In the above example wherein the selected attribute is text color, there is no problem to encode data represented in the decimal base insofar as there are more than 10 colors to represent the decimal FIGS. 0, 1 . . . 9. But, assuming that a different attribute is selected wherein there are less than 10 possible choices, such an attribute would not be useful for the data to be embedded in the decimal base. Even in such a case, it would be possible to use such an attribute provided that the data is represented according to a numerical base N lesser than the number of different possible attribute values. Thus, if there are 5 different possible choices for the selected attribute, the data will be represented in the 5-base with FIGS. 0-4. Of course, such a representation of the data requires to reserve more spaces in the text document for encoding information than by using, for instance, a decimal base.
Another possibility to use an attribute allowed to take only a few number of different values is to combine it with another attribute. As an example, the above attribute taking 5 values could be combined with another attribute, such as italic/non italic, having two possible choices, to represent the 10 FIGS. (0 to 9) of the data encoded in the decimal base.
For example, the following correspondence or mapping table associates a pair of attributes, for instance the color attribute and the italic/non-italic attribute, to hexadecimal digits:
It is important to note that, even if a system does not support colors (but only black and white texts), it would be even possible to encode invisible information on the blanks of a plain text by using for encoding one or a combination of several different possible attributes, like the font type, italic, bold or protected. Attributes.
According to another aspect of the invention illustrated in
As represented in
From the received SLC, the Licensing Authority retrieves in the Master License Database the secret License Identification Key (LIK) (step 46) that corresponds to that particular license.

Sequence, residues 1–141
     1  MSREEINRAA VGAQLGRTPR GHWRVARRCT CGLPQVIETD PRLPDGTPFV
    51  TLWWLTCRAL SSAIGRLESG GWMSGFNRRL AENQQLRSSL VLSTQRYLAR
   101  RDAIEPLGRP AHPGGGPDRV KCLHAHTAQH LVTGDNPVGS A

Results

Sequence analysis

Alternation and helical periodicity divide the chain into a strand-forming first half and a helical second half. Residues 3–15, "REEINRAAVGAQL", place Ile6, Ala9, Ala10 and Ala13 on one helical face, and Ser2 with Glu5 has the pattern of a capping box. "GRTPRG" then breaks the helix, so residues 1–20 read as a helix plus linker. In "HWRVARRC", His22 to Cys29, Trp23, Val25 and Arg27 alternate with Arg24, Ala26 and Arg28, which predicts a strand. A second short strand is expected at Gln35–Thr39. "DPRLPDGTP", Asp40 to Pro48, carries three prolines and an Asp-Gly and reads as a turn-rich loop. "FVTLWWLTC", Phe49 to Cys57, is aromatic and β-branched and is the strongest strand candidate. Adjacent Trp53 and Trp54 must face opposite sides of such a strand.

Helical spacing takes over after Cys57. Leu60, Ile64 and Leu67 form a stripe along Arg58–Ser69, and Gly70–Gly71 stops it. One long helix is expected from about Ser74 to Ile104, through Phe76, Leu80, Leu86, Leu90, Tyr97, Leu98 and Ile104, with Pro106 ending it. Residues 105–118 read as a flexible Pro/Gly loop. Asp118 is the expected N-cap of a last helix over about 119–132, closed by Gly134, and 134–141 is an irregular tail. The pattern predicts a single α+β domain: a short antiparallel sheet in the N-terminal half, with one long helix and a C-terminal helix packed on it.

From the received DHV and using the retrieved LIK as a key and the same cryptographic hash function that was applied for generating this LIS (e.g. The HMAC algorithm), the true License Identification Code (LIC) that corresponds to this particular software license (SLC) and this document hash (DHV) is computed (step 48).
Then, the computed LIC is compared with the received LIC (step 50) to check whether there is a match between them (step 52). If so, there is authentication of the document. If not, the Licensing Authority determines that the licensed software copy that generated the document has been forged or that the document has been edited and modified by a different program, presumably in an attempt to defeat license identification.
In any case, the Licensing Authority notifies to the receiver the result of the verification, for example by informing if the verified LIS corresponds to an authenticated document or to an illegal software generated document, and optionally other information regarding the identity of the software license owner if registered in the Master License Database.
It must be noted that, by means of the invention, the invisible license identification signature formed by SLC, DHV and LIC is therefore reproduced on all documents generated by unauthorized copies of a software license, which can therefore be traced. Recovering the same “software license code” (SLC) on different and disparate documents from different users on different (and possibly remote) computers, indicates a possible violation of license terms and conditions and very likely the circulation of illegal copies of the same software license.
Also, if a document, presumably generated by the licensed software, is received by a final user without a license identification signature invisibly encoded on it, or with a wrong DHV, when computing the document's hash; or when an invalid SLC or an invalid LIC are detected on a license identification signature received by the licensing authority, then the software that generated the sample document is surely illegal, being thus compromised not only the authenticity and identity of the software, but also that of the sampled document. Accordingly to a particular aspect of the invention, a system (e.g., a mail server, a router) which receives from a communication network documents generated by different brands of licensed software, automatically extracts from those documents their license identification signatures and sends them to the corresponding licensing authorities for verification. A customer service managed by the licensing authority automatically notifies to registered customers that receive documents from a communication network (e.g. The Internet) the results of verifications made on all documents sent from any remote user to those customers.
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|US8171002 *||May 1, 2012||Trend Micro Incorporated||Matching engine with signature generation|
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|U.S. Classification||726/30, 713/179|
|International Classification||G06F7/04, G06F1/00, G06F21/10, G06F21/62|
|Cooperative Classification||G06F21/6209, G06F21/10|
|European Classification||G06F21/62A, G06F21/10|
|Oct 31, 2014||REMI||Maintenance fee reminder mailed|
|Mar 22, 2015||LAPS||Lapse for failure to pay maintenance fees|
|May 12, 2015||FP||Expired due to failure to pay maintenance fee|
Effective date: 20150322